Obviously, not tearing a big hole in the mouth of a fish is better for the fish as well. I usually set the hook with just a firm pull rather than a quick Herculean snap. The size of my line, the action of the rod I am using and amount of line between me and the fish dictates how hard I pull and it also determines whether or not I "re-set" the hook additional times. Learning to use more controlled pressure when hooking and working bass to the boat has made a real difference for me.

Learning good hooksetting technique is a matter of trial and error and close observation of every fish you catch. If you are losing more fish than you think you should, then practice thinking before you set. During the critical moment a bass grabs your bait, consciously think to yourself about adjustments required to the force for an effective hookset. Just don't haul off and whack 'em every time. It may help you get more fish to the boat.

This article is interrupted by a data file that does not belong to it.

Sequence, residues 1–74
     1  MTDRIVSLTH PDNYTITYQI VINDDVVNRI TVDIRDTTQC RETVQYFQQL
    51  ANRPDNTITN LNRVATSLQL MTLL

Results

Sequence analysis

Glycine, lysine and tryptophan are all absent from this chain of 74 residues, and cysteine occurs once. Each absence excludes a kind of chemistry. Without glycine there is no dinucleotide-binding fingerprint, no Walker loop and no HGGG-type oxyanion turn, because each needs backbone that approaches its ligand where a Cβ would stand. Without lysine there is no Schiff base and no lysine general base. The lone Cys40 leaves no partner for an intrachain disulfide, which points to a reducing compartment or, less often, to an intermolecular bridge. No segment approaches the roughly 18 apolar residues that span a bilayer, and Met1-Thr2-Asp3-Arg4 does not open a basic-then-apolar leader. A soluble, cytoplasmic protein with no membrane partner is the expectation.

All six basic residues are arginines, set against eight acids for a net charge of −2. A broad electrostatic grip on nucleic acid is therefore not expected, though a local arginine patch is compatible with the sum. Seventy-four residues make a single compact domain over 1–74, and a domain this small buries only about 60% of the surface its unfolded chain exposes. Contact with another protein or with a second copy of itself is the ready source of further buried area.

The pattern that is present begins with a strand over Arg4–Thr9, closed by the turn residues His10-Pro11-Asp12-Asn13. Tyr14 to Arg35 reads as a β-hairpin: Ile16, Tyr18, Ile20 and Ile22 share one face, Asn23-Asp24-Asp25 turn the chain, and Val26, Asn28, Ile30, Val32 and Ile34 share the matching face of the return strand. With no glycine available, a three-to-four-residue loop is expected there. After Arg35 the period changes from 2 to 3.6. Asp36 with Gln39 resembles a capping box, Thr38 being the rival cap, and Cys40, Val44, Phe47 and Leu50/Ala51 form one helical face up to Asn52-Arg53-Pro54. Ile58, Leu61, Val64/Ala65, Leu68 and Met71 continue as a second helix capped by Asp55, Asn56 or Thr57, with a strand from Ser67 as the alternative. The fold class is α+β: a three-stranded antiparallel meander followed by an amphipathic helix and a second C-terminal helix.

Don't forget though, the most important part of boating fish is making sure you turn them loose! Good fishing.

Author Information.

Troy Jens is a full time professional fishing guide as well as an accomplished tournament angler.  Troy's beeen fishing since his Dad first took him at three years old. Sharing the knowledge he's learned since then remains his one true passion. He most recently appeared in Bassmaster Magazine in the July/August 1999 issue and January 2000 issue.  On the web, Troy is a regular contributor at the Bass Fishing Home Page.

With over 10 years of guiding experience on many various waters, Troy is versitle and committed.  Troy spends over 250 days a year on the water and specializes in tournament tactics, big fish, and grass pattern techniques.  He guides on a variety of lakes in North Alabama and spends most of his time on Guntersville, Wheeler, and Neely Henry.  Troy is experienced in guiding beginners through full time pros and works hard to help others improve their fishing skills.  He continues to share fishing knowledge through guiding, published articles and published fishing reports.

Give Troy a call: 256-534-4359
Visit Troy on the web at
Email Troy at